Inverted Yield Curves & Recession: How smart are Markets?

Image Outcome/Creative Commons

By Noah Solomon

Special to Financial Independence Hub

Today’s Special: An Inverted Yield Curve with a Side Order of (Possible) Recession

In our discussions with clients over the past several months, the two frequent topics of conversation have been:

  1. The inversion of the U.S. Treasury curve, and
  2. The possibility of a recession occurring within the next few quarters.

In the following missive, I use a data-based, historical approach to explore the possible investment implications of these concerns.

How Smart is the Yield Curve?

The U.S. Treasury market has an impressive track record in terms of forecasting recessions. Going back to the late 1980s, every time the yield on 10-year U.S. Treasury bonds has remained below that of its two-year counterpart for at least six months, a recession has followed. Such was the case with the recession of the early 1990s, of the early 2000s, and of the global financial crisis.

When it comes to investing (as with many things), timing is critical. Given that yield curves do occasionally invert and that recessions do happen from time to time, it follows that every recession has been preceded by an inverted curve, and vice-versa. What makes the historical prescience of inverted yield curves so impressive is that the recessions which followed them did so within a relatively short period.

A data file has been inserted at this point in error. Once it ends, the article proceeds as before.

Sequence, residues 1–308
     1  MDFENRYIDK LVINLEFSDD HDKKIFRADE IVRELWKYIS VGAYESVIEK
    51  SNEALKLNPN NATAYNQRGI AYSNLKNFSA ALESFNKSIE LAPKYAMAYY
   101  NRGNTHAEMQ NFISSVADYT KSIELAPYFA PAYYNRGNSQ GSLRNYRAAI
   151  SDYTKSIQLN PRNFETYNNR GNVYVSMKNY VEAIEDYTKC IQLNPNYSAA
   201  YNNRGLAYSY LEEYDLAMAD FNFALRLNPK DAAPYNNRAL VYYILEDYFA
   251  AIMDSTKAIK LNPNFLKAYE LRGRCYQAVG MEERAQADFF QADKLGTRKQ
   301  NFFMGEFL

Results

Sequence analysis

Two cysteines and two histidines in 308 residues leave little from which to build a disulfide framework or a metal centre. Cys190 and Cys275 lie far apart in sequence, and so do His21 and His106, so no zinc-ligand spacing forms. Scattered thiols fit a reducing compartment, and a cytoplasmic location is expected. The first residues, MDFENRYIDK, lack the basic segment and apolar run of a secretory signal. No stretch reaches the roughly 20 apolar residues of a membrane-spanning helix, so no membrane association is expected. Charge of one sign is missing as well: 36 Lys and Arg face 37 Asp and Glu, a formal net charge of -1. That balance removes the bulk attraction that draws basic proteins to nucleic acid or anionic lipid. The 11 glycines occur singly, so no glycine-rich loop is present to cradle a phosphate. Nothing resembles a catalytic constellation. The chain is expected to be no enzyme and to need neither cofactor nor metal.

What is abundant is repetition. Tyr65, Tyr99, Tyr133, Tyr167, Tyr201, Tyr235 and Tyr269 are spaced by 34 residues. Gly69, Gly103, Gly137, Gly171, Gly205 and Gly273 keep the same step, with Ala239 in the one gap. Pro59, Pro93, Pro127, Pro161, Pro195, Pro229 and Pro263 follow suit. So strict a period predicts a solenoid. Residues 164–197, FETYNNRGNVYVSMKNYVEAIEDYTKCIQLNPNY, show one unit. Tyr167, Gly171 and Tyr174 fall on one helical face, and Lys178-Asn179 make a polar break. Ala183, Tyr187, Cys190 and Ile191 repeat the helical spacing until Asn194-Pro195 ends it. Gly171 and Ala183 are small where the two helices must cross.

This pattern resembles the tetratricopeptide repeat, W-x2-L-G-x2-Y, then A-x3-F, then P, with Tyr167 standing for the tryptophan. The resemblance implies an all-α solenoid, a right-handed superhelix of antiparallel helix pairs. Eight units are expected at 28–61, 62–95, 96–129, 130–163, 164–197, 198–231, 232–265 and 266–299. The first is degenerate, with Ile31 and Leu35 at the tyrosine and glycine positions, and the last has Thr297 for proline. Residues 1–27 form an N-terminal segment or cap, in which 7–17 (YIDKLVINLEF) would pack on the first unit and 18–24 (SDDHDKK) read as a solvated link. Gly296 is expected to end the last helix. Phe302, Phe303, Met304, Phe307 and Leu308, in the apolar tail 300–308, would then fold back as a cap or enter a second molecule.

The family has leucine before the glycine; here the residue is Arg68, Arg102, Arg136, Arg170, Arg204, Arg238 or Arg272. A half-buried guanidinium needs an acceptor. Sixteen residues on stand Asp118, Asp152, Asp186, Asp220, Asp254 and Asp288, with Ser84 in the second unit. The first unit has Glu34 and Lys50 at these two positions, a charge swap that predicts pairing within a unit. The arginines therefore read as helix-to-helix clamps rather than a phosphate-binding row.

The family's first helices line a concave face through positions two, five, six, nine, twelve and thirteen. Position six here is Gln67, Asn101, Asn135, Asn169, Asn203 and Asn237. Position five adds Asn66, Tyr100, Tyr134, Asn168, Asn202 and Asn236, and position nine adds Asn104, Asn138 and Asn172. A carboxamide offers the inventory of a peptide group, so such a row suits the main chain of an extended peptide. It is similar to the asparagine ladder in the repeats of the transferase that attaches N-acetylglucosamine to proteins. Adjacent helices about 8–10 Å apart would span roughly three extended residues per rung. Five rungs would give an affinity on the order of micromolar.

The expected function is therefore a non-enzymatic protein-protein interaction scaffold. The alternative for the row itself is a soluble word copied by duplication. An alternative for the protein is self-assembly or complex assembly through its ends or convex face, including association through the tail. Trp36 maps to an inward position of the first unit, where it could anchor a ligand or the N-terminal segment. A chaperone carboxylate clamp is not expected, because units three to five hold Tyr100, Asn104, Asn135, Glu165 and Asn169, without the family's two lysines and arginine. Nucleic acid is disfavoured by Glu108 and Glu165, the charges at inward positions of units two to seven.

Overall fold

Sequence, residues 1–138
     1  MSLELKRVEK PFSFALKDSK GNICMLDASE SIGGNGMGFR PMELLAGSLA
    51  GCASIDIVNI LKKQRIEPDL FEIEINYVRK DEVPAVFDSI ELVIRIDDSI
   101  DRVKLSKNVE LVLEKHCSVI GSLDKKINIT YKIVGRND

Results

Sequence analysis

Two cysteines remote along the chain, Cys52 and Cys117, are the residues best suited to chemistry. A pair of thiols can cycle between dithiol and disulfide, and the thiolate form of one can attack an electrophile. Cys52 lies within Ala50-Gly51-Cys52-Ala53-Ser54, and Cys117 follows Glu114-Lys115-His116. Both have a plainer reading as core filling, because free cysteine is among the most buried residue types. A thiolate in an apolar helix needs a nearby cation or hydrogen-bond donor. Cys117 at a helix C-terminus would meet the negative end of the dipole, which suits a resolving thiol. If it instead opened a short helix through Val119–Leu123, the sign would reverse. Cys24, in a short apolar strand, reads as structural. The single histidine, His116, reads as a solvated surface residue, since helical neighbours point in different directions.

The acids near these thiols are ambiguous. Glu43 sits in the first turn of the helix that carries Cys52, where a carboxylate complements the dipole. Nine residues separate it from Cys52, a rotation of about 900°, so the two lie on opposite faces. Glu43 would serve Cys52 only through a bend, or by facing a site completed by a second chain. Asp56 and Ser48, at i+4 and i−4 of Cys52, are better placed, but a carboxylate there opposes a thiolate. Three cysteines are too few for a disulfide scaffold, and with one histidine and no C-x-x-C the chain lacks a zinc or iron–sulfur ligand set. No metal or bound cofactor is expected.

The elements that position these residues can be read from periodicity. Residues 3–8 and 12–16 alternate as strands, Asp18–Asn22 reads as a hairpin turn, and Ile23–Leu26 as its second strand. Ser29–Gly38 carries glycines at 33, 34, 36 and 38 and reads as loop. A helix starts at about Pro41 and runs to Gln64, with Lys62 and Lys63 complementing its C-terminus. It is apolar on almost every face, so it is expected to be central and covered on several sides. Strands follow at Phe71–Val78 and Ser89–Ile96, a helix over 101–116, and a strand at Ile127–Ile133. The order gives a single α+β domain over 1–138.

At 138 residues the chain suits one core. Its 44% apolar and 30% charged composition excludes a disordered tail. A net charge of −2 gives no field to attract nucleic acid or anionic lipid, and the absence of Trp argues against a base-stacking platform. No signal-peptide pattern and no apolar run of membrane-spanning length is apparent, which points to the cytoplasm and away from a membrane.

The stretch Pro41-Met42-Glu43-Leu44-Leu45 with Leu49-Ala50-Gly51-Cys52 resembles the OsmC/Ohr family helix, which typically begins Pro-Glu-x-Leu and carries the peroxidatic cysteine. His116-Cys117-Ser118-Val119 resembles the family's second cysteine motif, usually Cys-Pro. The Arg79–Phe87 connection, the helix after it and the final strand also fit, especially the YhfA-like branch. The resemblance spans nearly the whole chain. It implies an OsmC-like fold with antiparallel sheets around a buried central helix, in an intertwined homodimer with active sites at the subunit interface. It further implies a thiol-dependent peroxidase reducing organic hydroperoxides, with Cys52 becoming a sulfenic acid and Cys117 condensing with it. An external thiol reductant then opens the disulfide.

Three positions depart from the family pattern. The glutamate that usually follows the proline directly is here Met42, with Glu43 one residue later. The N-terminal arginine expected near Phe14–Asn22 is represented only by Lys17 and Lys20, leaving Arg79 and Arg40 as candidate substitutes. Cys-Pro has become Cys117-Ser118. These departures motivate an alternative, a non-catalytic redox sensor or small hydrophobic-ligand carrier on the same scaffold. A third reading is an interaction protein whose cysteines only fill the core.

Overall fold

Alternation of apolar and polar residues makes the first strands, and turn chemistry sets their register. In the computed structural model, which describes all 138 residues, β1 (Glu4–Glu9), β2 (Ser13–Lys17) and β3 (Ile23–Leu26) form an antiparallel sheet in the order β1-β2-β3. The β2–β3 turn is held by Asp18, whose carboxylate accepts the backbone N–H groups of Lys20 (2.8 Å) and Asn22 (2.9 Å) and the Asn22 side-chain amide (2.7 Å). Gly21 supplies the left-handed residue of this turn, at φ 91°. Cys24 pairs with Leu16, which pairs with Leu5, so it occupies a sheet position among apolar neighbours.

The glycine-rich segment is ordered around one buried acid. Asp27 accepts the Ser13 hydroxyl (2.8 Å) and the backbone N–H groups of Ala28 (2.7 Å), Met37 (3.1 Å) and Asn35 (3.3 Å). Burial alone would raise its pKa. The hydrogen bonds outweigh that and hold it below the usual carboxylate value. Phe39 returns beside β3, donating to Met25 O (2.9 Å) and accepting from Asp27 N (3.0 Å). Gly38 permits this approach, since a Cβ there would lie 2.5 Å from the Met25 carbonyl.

United States – Months from Yield Curve Inversion to Onset of Recession: 1989-Present

The table above covers the past three U.S. recessions, excluding the Covid-induced contraction of 2020, which I have omitted since it had nothing to do with macroeconomic factors, monetary policy, etc. As the table demonstrates, the time lag between yield curve inversions and economic contractions has ranged between 12 and 18 months, with an average of 15 months.

However, the yield curve’s impeccable record of predicting recessions has not been matched by its market timing abilities. As summarized in the following table, the S&P 500 Index has produced mixed results following past inversions in the Treasury curve.

S&P 500 Performance Following Yield Curve Inversions: 1989-Present